The first ancestor of the Lounsberrys of Nichols that can be definitely traced is Richard, probably the English emigrant, whom Dutchess county records showed to have lived there in 1648. He moved to Putnam county in 1660, and later to Rye, Westchester county, where he lived from 1672 until his death in 1693. He married Elizabeth DuBois, a member of a rich Hugenot family that was driven from France by Catholic persecution, and were later wealthy silk manufacturers in Holland. Family tradition claims their descent from a knight serving under William the Conqueror in 1060. The Nichols line comes down through Michael Lounsberry, son of Richard. who was born about 1685 and died in 1731. He moved to Stamford, Conn., as early as 1703 and bought land there. On June 19, 1707, he married Sarah, daughter of Lieut. Jonathan, and granddaughter of Robert Lockwood, who came from England to Watertown, Mass., with Winthrop about 1630. Their children are Elizabeth and Sarah, born June 13, 1708; Michael, born January 23, 1709, died November 16, 1730; Jemima, born March 17, 1711; Joshua, born July 1, 1716; Monmouth, born December 23, 1717; Nehemiab, born December 23, 1718; Abigail, born September 11, 1719; Jonathan, born October 20, 1721, died 1791. Monmouth married in 1738 and had these children: Thomas, born January 16, 1739; Elizabeth, born July 25, 1741, died young; Benjamin, Sr., born December 23, 1742; died in 1771; Michael, born September i2, 1744; Elizabeth, born September 6, 1746 ; Monmouth, born July 31, 1748; William, born February 28, 1749, died young; Jemima, born December 4, 1751; William, born August 5, 1753; Tamar, born September 11, 1755; and Abigail, birth unknown.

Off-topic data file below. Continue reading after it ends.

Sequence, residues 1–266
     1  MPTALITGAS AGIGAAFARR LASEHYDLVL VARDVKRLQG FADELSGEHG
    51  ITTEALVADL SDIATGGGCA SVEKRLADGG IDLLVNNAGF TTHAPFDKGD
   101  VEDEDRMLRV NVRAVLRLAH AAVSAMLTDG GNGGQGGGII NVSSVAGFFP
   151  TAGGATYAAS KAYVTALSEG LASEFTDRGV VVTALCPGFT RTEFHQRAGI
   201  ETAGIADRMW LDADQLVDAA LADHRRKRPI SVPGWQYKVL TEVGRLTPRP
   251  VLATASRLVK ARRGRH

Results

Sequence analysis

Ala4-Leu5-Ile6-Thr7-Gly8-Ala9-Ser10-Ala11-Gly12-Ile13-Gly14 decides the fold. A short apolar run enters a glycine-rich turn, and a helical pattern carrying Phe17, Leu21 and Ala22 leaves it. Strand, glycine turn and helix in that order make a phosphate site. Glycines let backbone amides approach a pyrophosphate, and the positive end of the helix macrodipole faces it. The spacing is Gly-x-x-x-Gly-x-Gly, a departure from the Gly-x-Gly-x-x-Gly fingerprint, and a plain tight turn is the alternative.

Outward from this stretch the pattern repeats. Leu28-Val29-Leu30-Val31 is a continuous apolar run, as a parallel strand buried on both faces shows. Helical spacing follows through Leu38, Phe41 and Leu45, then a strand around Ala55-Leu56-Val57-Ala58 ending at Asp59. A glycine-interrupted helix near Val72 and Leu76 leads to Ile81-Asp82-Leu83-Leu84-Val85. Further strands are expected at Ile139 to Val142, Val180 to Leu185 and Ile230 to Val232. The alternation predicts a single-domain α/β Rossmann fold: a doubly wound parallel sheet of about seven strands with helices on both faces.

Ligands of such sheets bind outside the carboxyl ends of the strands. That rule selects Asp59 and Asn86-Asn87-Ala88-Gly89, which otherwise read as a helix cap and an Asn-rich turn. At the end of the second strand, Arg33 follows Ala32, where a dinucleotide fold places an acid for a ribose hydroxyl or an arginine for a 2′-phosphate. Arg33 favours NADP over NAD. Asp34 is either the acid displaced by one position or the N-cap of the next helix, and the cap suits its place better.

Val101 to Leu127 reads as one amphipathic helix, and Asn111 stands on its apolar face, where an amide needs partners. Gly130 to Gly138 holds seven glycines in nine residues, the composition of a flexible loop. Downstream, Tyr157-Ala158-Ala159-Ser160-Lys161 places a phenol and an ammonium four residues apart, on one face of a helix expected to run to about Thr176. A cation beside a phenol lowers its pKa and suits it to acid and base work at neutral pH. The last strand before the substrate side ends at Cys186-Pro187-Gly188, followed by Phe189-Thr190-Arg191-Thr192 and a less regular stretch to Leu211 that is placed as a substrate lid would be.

BENJAMIN LOUNSBERRY, JR., was born April 11, 1767, in Stamford, Conn., and died in Nichols, May 31, 1857. After his father's death his mother married Jonathan Platt, and moved to Bedford, Westchester county, this state, where they lived until 1794, when they came to Nichols where Mr Platt had purchased a large tract of land in 1793. Benjamin had married in 1792 Elizabeth, a daughter of Mr. Platt by his first wife. Their children were Harriet (Mrs. J. W. Laning), born June 7, 1793; Hannah (Mrs. Samuel H Dunham), born May 23, 1795, Platt, born September 18, 1797, Charles, born July 19, 1800, Horace, born December 12, 1804, Benjamin, 2d, born May 4, 1807, died September 20, 1888, James, born October 7, 1809; William, born December 6, 1812, died July 12, 1887, and Norman, born May 7, 1815. Platt Lounsberry, son of Benjamin, Jr., was born in Nichols and was a farmer in that town all of his life. By his wife, Sarah Laning, he had these children, Sarah (Mrs. Robert Howell), Platt, Mary, Amos, Horace, Prudence (Mrs. James Morey), Betsey (Mrs. Andrew Hunt), Benjamin, Harriet, George, and Enoch.


WILLIAM LOUNSBERRY, son. of Benjamin, Jr., passed his life on the old homestead at Lounsberry Station, married, first, Sarah Raymond, who was mother of his three children: William R., Edward W., born Oct. 2, 1850, died March 2, 1864, and Jennie (Mrs. David T. Easton), born February 24, 1855. William R. Lounsberry was born on the ancestral acres at Lounsberry Station in Nichols on April 30, 1846, and has made his home there during his life, devoting himself wholly to the cultivation of the soil. On November 3, 1874, he was married with Mary, daughter of William McKerlie, of Waterford, Ont.